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PDCI Students Test Tay River & Report Findings
PDCI Students Test Tay River and Report Findings to Community
Posted on 06/21/2022
Students show water testing kits

Four Grade 8 students from Perth District and Collegiate Institute represented their 100 classmates on Friday, June 17 in the Perth Council Chambers to present to members of council, community members, and parents and guardians their findings from a recent water study done on the Tay River.

Odin Makinga, Lyla Chiasson, Myles Verge, and Jillian Edey described the process of the real-world learning project and how on two separate days in June, they along with rest of the school’s Grade 7 and Grade 8 students canoed upstream and downstream of the Perth Lagoon and tested the water in both areas. Students tested for water temperature, hardness, dissolved oxygen, alkalinity, PH levels, conductivity, chorine levels, and clarity, all to determine the health of the Tay River on either side of the lagoon.

grade 8 students PDCIAs part of the study, they learned the importance of each element they tested the water for and the impact of it being unbalanced. For example, severe fluctuations in hardness can have a negative effect on aquatic life, and oxygen level can determine what aquatic species are able to live in the water and if unnecessary organic matter is in the water.

After more than 50 tests, the students discovered the following:

  • Hardness slipped slightly out of a healthy range after it passed through the lagoon during their testing period.

  • Dissolved oxygen improved downstream, possibly due to the plant life present in the lagoon area.

  • Alkalinity is moved to a safer point after it flowed through the lagoon. This is because the lagoon is neutralizing the sewage and sewage outflow raises the alkalinity.

  • All other factors tested seem to stay within a healthy margin, which indicated the lagoon is doing its job.

Makinga said that this was a “wonderful experience” for him as he wants to be a marine biologist. “I liked getting to learn something about what I might do on a regular basis, if my career path stays the same,” he said. “I was glad to learn that the lagoon is doing its job. I was expecting for it to actually not be helping the water.”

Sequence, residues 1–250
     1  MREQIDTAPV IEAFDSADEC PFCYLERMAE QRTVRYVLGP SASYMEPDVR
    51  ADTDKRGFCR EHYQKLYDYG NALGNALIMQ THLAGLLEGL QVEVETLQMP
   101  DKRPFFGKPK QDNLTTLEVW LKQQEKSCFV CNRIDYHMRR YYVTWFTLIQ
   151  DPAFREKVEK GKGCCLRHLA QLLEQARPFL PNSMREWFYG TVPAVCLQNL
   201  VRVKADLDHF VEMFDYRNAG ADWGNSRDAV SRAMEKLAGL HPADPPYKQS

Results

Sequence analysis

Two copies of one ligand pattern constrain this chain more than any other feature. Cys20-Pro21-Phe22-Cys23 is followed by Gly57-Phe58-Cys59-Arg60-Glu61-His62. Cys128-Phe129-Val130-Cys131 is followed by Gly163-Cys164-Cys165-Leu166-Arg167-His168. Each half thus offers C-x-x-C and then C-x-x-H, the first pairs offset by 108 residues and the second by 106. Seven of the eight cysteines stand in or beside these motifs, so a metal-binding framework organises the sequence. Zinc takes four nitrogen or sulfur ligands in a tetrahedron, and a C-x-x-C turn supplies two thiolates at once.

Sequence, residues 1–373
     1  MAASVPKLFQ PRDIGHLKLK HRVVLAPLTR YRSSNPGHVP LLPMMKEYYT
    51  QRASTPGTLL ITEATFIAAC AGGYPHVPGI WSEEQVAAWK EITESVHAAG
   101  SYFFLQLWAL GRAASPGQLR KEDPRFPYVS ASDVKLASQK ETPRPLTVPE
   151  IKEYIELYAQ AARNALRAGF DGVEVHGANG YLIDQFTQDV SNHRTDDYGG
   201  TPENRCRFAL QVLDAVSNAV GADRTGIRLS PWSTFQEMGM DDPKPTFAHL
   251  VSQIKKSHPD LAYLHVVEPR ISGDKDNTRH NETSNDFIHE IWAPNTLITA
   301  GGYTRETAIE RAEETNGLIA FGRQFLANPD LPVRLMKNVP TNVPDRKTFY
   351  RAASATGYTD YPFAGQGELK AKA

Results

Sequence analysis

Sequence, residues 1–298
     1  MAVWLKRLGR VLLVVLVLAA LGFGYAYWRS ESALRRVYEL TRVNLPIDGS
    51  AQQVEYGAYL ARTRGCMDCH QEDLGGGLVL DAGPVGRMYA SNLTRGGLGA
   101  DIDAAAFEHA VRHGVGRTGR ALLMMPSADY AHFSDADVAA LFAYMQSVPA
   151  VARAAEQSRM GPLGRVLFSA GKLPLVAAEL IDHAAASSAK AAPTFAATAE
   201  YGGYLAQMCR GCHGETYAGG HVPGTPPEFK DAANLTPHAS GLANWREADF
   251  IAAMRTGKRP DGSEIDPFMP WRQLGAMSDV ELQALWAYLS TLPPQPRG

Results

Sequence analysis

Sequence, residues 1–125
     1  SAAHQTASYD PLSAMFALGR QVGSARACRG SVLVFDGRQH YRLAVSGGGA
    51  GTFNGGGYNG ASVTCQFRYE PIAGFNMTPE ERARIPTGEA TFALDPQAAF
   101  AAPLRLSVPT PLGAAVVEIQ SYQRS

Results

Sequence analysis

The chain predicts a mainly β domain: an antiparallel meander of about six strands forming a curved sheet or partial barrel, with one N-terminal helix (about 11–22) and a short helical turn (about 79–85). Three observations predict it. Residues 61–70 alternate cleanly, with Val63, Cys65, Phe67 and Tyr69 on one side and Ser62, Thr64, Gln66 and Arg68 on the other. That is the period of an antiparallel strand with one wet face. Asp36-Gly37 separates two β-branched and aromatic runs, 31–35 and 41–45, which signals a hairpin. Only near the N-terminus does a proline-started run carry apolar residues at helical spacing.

“I liked the entire experience. The canoeing was fun and being with my friends, and learning how to take water tests,” added Verge. “I had no idea there would be chlorine in the water.”

For this project, Real-World Learning Partner Evan Barr explained it took collaboration between the Town of Perth, Rideau Conservation Authority and Perth Outfitters to make this project come to life for students. “We moved away from the traditional pencil and paper worksheets format of learning to a model where the work students are doing is tied to their community, is real, and is memorable,” he explained.

Among the rapt audience in the Perth Council Champers during the presentation were representatives from the community group, Friends of The Tay. “You are exactly the type of people that Friends of the Tay get excited about,” said Glenn Tunnock, of the volunteer group. “We would like to acknowledge what you’ve done for the community and the environment.”

After the presentation, Perth staff offered to set up a future tour of the lagoon and urged the continuance of this program as a multi-year project, with support from the town and community groups.

The students provided ideas about what could part of a future water study project, including a closer look at the marine life in the Tay River as well as the plant life.

“We need the support of the community to make these projects happen. It makes it so much better for the kids to figure out how the world works,” added Barr.

PDCI student presentation
For media inquiries, please contact:

April Scott-Clarke
Manager of Communications
Upper Canada District School Board
[email protected]
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